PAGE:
Figure 7: SEM image of the plasmonic device fabricated using replica molding method. (a) SEM (top view) image of polymer nanohole structure before deposition of metal. (b) SEM (top view) image of nanohole structure after 90 nm deposition of Ag. Top (c) and cross-sectional (d) view SEM images of plasmonic device showing the nanoparticles inside the nanohole structure [46].

3. Sensitivity of Plasmonic Sensor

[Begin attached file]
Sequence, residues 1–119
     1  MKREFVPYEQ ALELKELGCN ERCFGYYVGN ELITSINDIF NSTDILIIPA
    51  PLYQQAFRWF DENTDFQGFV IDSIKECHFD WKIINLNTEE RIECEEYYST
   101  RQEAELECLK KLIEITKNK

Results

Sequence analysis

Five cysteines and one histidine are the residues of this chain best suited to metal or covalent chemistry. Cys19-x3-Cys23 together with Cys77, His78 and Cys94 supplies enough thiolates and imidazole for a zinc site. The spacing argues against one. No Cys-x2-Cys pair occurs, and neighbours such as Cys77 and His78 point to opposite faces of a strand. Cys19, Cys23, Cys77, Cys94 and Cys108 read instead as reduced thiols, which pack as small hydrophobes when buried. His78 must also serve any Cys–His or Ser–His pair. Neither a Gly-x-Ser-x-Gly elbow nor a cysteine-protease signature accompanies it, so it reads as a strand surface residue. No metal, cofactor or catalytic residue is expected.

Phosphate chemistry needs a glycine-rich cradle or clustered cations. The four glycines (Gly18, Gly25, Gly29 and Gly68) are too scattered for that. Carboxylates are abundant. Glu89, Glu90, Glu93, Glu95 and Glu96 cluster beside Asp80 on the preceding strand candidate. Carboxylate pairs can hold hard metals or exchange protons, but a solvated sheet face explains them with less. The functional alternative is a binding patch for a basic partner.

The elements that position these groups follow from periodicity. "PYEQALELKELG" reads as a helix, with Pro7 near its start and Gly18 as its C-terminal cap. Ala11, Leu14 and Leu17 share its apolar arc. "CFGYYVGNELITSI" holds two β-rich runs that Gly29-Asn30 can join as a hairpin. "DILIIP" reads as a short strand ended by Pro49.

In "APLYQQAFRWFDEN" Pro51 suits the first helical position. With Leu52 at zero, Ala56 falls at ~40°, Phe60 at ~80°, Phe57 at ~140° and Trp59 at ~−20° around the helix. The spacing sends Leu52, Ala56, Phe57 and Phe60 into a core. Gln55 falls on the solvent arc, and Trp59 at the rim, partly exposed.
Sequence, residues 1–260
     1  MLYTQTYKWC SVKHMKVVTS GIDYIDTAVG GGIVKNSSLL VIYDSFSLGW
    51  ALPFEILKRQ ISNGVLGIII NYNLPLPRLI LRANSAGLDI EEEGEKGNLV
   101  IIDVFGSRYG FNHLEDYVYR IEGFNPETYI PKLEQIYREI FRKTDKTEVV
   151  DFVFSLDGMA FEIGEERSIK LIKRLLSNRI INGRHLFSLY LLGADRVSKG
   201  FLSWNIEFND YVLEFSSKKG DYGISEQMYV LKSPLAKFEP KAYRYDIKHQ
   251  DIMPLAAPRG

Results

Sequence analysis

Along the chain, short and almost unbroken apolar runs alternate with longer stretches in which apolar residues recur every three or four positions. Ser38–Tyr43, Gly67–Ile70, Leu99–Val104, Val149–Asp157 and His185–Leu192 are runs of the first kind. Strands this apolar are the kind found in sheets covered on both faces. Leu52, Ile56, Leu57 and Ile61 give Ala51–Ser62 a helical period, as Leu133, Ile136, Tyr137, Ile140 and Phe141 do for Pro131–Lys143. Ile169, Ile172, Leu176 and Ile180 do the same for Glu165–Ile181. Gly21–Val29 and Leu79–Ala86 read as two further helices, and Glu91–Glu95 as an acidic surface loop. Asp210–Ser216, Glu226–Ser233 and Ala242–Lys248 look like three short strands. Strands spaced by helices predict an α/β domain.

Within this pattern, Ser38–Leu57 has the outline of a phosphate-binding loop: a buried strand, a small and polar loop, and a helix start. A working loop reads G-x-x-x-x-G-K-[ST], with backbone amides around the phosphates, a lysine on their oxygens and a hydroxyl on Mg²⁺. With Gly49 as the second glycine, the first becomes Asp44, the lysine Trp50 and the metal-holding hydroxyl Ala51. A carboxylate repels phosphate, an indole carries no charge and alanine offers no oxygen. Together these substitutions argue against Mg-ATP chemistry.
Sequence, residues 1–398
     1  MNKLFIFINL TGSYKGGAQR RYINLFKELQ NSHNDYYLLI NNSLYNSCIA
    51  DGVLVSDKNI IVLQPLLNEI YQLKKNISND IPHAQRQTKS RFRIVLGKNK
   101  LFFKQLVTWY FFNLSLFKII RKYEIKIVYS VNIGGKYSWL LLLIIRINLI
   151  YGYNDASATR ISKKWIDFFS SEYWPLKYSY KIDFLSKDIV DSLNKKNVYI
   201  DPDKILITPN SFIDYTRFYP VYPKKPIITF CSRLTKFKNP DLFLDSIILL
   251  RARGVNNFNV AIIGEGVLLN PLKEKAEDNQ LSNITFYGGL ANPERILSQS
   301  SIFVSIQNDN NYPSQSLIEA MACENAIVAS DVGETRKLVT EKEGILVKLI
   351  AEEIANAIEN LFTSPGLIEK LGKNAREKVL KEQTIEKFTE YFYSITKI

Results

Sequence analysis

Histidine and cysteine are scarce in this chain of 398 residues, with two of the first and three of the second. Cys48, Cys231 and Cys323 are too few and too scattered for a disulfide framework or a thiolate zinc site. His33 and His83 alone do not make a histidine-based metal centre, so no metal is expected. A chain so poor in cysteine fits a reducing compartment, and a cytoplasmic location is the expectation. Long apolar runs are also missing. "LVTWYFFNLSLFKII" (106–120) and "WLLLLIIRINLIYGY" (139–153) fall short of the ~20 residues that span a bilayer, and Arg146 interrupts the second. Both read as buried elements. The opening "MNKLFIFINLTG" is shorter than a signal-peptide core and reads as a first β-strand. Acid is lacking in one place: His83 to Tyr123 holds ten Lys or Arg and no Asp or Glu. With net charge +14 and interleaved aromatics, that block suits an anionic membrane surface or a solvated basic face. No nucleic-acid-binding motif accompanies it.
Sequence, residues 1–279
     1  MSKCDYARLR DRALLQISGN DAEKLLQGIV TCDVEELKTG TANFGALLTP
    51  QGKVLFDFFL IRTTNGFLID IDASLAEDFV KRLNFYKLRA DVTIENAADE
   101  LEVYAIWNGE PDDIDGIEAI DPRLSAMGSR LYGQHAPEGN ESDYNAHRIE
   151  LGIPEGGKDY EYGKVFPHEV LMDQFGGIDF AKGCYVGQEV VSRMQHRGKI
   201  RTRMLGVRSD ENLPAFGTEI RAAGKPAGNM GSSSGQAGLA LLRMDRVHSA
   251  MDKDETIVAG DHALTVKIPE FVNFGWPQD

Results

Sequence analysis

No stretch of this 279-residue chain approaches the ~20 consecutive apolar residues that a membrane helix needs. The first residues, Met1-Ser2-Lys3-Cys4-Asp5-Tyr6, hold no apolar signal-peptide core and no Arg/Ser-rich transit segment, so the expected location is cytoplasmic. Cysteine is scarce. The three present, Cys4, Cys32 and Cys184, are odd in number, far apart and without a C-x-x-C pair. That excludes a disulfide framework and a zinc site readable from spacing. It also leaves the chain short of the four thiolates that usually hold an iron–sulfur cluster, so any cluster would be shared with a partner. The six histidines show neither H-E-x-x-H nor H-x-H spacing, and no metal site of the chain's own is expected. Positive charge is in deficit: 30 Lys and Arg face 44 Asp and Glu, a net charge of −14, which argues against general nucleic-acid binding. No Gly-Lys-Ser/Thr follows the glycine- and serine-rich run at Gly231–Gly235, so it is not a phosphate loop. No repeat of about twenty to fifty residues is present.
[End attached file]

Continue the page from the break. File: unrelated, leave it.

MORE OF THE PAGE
As shown in Table 1, the sensitivity of plasmonic sensors is limited to about 1000 nm/RIU in the visible range. High sensitivity of more than 1500 nm/RIU is shown in the IR and near IR region using plasmonic array sensor [45]. Recently, Gartia et al. reported a surface plasmon-based sensors with sensitivity of 46,000 nm/RIU using cup shaped nanohole array (also known as the nano-Lycurgus cup array (nanoLCA)) [46]. NanoLCA enables detection of reactions that induce a small change of the refractive index such as DNA hybridization even by naked eye. Figure 8 presents a comparison of geometrical differences between common EOT structures and the nano-LCA structure for enhancing the plasmonics characteristics [46]. First, the tapered geometry will funnel and adiabatically focus the photons on the subwavelength plasmonic structure at the bottom, leading to large local electric field and enhancement of EOT (due to radiative coupling of surface plasmons). Secondly the localized resonance supported by 3D nano-LCA will enable broadband tuning of optical transmission through controlling the shape, size, and period of holes as well as the shape, size, and period of metallic particles decorated at the side walls. Moreover, the LSPs mediated transmissions in nano-LCAs are expected to be of higher magnitude than the SPPs mediated transmission in typical 2D hole arrays. Figure 9 shows how the nanocup array sensor changes color when different liquids are dropped on its surface. Figure 9(a) shows the white light transmitted by a hole with the shape of wave function “.” Figure 9(b) shows the same hole with the nanocup array sensor on top of it. The image is taken in transmission mode, when air () is present, and the surface of nano-LCA sensor appears green. Similarly, Figure 9(c) shows an array of holes and Figure 2(d) shows the corresponding transmission image of nano-LCA on top of it. The scale bars for both the images are 100 μm. The dotted area in Figure 9(d) shows the color orange when sodium chloride solution partially covers the surface of the nano-LCA. Figure 9(e) shows the vibrant color produced by the nano-LCA when the different solutions (with refractive indices ) are dropped on the surface. The transmission spectrum will redshift and it will redshift more with larger values. In Figure 9(e), oil with larger values appears redder compared to that of the sodium chloride (NaCl) solution.